Ganter [00:03:36] Wow.
Ioannidou [00:03:36] Such a weird and awkward situation that can very easily turn to become confrontational. Right? But by walking out and giving it a minute.
Wright [00:03:46] Absolutely.
Ioannidou [00:03:47] To kind of think what she just said and I think the student also turned to the patient and said, I don't think this was a very right comment to make. So a serious thought, what she said and everything turned out to become very nice and happy ending in the story. But it was a very, very awkward situation.
Ganter [00:04:05] I think one of the smartest things you did was to walk away and give that time.
Ioannidou [00:04:10] Yeah.
McNeill [00:04:11] In my MBA program we learned about the concept of amygdala hijacking and when something happens and emotions get high.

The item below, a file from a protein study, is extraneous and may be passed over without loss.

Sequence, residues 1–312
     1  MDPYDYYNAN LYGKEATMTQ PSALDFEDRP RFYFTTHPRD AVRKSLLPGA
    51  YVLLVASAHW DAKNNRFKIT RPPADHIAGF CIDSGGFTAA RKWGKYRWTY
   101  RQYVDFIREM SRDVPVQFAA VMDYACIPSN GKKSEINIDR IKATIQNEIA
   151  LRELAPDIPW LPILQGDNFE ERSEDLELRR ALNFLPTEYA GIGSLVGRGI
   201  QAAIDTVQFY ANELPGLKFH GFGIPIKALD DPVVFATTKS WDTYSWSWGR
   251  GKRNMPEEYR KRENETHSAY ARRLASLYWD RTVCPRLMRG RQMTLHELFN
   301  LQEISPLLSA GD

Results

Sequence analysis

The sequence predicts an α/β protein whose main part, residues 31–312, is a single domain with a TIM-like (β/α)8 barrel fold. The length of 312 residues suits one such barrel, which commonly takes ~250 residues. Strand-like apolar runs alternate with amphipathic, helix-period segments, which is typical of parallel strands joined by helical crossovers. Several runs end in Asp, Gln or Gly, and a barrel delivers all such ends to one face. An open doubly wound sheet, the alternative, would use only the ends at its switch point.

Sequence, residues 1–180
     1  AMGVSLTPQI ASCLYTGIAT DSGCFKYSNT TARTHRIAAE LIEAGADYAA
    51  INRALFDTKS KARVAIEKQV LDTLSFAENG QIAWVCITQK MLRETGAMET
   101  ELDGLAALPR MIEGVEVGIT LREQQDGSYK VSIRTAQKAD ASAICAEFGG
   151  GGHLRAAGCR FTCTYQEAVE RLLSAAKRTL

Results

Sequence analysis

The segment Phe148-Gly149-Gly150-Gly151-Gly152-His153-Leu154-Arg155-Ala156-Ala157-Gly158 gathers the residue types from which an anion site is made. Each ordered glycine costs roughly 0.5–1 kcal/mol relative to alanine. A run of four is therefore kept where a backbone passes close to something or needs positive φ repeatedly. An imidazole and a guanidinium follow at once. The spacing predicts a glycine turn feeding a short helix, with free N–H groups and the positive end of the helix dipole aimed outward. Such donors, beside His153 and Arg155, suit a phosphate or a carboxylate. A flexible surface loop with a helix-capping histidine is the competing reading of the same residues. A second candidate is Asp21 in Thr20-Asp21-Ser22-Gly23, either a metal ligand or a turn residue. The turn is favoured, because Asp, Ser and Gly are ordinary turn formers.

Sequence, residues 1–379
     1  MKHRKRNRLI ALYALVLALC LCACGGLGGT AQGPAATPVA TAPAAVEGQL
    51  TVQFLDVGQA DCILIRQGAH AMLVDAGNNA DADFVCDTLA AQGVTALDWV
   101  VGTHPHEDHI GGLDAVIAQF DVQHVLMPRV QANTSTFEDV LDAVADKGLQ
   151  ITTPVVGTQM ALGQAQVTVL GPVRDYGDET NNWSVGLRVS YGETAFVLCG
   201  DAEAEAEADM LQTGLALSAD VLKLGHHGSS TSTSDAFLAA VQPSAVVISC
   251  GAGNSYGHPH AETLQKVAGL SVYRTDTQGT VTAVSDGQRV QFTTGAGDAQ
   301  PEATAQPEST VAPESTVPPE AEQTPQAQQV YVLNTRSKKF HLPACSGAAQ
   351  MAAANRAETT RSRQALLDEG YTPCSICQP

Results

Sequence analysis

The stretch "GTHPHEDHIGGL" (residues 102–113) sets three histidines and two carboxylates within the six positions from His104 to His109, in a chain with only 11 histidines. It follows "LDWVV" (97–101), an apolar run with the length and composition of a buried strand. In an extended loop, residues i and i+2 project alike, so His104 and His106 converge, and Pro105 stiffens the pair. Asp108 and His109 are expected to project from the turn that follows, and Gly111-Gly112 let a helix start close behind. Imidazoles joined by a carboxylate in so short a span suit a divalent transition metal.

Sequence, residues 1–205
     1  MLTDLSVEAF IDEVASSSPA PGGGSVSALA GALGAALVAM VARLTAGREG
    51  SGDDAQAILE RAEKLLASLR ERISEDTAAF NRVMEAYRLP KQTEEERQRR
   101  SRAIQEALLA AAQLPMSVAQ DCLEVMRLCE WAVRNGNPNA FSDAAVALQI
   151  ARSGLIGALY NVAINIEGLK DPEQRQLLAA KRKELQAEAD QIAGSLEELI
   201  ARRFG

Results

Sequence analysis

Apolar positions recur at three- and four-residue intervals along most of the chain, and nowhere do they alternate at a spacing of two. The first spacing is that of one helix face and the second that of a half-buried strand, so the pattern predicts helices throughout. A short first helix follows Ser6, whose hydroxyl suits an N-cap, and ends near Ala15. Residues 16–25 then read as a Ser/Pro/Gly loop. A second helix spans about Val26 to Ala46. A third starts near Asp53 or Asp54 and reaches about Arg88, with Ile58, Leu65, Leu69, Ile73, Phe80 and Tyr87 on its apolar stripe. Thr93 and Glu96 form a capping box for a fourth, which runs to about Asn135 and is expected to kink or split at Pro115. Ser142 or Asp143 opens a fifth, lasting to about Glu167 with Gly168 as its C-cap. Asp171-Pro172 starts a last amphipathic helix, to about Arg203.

Ioannidou [00:04:20] Sure.
McNeill [00:04:20] Realistically, both sides are really having a hard time thinking logically about things. You step aside, you let the endogenous epinephrine and norepinephrine everything kind of settle down and then you go back in and have a reasonable conversation.
Wright [00:04:34] Yeah.
Ioannidou [00:04:34] Yeah. Because, you know, if you become defensive, this can turn very ugly. So I really didn't want to create a scene out of this. And I have to say that it has to do with the level of insecurity. You know, if you are comfortable in your skin, you know, and they say, let them in, it's fine. Let's turn the page, move on.
McNeill [00:04:52] And we often see people at a bad time in their lives. You know, they're in a spot where they, they don't want to see us. You know, you're a periodontist. I'm an oral surgeon. They don't want to be in our office. And it's stressful for them.
Ganter [00:05:04] And just kind of listening to your story. Oh, my goodness. I can't imagine the mix of emotions that were probably going through your head at that very moment. For me, I think I would be angry and just frustrated because they're yeah, they're picking on a part of you that you didn't wake up this morning and say, okay, I'm going to make this more difficult for this patient. You are authentically being you and you're there, you're showing up and you're showing up in the best version of yourself.